Keeping Kids Out of Trouble Through
study was reviewed by Michael Eckstein M.D. on March 31, 2006 on the Science
Daily web site. As a psychologist and father I completely concur with the study
and conclusions. We're not doing our children any big favors by allowing
videogames and televisions to be the default babysitters. In fact, we're doing
them a serious disservice in my opinion.
reported that the lead researcher, Dr. Penny Gordon-Larsen, an assistant
professor of nutrition at the University of North Carolina, Chapel Hill,
reported that although much has been made of the importance of exercise in
fighting the swelling problem of childhood obesity, "there are clearly benefits
to exercise other than weight control" said Dr. Gordon-Larsen.. "And kids who
spend their free time in front of the TV are missing out on those benefits" she
added. "It's clear there can be adverse effects to watching TV", Dr.
Gordon-Larsen said in relation to research that links violent or sexual content
on television shows to kidís behavior. But beyond the effects of media, she said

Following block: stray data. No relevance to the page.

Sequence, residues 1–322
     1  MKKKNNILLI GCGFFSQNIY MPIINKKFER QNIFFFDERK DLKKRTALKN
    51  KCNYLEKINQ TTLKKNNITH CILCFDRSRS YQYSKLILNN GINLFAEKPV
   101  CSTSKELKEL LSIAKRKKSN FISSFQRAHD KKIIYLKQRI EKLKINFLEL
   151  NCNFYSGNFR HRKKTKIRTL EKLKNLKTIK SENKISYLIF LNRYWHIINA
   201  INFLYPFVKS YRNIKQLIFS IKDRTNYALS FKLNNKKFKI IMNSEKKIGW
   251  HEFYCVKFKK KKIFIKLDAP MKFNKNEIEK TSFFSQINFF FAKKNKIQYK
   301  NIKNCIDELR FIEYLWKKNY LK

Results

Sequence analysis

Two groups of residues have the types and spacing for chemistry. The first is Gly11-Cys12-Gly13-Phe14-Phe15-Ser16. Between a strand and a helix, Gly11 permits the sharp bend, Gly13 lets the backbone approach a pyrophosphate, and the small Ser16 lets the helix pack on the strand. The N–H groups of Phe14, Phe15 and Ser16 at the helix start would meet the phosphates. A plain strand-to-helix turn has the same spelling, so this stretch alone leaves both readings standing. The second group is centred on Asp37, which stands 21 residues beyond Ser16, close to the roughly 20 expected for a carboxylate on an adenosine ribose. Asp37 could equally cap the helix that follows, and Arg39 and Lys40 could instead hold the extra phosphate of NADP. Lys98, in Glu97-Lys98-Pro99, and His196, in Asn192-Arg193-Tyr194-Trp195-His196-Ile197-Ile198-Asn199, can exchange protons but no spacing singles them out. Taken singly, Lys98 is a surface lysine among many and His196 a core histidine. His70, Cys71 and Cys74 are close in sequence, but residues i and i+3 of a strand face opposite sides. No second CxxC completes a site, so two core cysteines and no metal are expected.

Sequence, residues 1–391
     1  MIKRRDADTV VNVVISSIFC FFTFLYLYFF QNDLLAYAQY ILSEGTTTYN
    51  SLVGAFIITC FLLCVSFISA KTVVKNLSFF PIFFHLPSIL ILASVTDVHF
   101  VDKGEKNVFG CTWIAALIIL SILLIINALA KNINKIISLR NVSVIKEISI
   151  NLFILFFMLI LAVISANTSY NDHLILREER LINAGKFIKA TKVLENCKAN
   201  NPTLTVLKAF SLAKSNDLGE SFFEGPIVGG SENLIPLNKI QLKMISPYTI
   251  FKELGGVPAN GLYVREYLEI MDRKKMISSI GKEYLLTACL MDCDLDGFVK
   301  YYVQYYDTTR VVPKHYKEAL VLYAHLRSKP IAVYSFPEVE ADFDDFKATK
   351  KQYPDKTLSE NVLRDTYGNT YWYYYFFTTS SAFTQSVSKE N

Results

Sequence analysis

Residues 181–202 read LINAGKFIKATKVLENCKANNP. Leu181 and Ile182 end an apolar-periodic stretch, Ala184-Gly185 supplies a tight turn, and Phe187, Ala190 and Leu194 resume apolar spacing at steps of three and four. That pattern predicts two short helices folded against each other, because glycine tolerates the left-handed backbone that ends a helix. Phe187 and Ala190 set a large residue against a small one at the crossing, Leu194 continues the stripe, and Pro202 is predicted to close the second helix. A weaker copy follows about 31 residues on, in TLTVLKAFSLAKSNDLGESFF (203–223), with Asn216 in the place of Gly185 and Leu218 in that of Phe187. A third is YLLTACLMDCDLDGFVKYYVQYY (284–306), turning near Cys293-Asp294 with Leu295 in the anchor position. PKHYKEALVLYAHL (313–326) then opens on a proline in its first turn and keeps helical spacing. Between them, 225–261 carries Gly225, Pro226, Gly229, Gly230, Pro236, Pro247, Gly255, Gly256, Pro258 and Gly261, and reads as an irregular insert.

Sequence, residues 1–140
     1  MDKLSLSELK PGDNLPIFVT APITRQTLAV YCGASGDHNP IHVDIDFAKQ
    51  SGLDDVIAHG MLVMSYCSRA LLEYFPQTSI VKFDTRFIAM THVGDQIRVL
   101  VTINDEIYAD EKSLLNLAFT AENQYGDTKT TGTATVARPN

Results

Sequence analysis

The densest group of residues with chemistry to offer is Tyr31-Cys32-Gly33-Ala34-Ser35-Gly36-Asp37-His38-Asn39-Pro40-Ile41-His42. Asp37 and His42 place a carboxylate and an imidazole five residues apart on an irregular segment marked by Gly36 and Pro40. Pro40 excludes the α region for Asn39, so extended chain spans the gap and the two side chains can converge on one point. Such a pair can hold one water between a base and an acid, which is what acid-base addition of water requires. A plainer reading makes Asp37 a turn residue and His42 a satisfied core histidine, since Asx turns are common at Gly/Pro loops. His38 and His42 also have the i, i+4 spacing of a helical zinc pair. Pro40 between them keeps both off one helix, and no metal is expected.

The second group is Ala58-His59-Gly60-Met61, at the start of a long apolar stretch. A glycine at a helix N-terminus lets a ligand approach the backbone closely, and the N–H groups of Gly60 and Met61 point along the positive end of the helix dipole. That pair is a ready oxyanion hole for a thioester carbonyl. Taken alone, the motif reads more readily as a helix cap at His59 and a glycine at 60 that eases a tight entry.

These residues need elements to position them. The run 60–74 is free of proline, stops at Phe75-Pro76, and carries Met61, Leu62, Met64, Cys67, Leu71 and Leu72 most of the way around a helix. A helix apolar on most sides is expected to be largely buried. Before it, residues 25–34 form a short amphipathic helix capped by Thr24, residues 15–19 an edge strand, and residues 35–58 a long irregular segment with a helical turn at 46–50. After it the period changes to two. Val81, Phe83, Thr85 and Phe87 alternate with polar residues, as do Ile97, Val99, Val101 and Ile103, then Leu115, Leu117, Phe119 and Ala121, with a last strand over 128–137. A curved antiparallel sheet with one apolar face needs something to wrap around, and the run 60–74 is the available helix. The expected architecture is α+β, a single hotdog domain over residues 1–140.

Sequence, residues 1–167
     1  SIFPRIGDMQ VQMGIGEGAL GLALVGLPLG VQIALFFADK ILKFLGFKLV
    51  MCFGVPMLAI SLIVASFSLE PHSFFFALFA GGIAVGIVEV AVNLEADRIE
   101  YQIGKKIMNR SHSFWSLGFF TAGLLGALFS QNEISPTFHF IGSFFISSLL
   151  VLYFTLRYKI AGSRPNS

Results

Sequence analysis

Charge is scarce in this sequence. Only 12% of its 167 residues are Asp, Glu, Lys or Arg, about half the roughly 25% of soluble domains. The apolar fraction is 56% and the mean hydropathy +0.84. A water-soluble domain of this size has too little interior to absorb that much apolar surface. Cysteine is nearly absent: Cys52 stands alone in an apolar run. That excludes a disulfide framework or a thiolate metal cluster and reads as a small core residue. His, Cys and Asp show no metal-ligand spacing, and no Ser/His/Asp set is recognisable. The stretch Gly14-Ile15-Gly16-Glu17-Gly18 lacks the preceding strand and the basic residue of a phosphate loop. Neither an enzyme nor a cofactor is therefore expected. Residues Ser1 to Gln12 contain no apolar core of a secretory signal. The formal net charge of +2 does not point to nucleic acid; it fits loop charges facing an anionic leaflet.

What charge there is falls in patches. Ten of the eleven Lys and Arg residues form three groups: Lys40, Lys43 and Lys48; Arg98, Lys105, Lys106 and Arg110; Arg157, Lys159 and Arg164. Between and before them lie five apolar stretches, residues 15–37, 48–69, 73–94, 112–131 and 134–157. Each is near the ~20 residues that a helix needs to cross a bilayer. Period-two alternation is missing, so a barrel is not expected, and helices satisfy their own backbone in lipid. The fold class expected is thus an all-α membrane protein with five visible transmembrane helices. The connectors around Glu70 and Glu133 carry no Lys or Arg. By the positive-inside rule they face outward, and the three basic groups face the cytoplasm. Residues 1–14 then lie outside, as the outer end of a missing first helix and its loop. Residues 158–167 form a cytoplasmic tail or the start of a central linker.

that children who spend their free time on the couch miss out on the
socialization, teamwork and skill development that comes with being active. She
concluded that among the nearly 12,000 middle and high school students in her
study, those who were physically active were much less likely than their couch
potato peers to smoke, drink, use drugs or have sex. Also, they often had
higher grades and higher self-esteem. Dr. Gordon-Larsen stated that "across the
board, children who engaged in any kind of activity were better off than kids
who watched a lot of TV."
She said these
findings which were also published in Pediatrics, does not mean that the
activities have to be traditional sports. In fact, she found that kids who
favored "alternative" activities like skateboarding also had higher levels of
self-esteem and were less prone to take health risks.
The bottom line for parents according to the researcher is
that they should encourage their kids to pursue whatever activities they happen
to enjoy, and that if Mom and Dad can handle skateboarding or enjoy other
activities with their children, even better. Teens in the study who engaged in
sports and exercise with their parents were particularly likely to remain on the
straight and narrow.
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Licensed Psychologist Ph.D. Candidate
(Health and Geriatric Psychologist)
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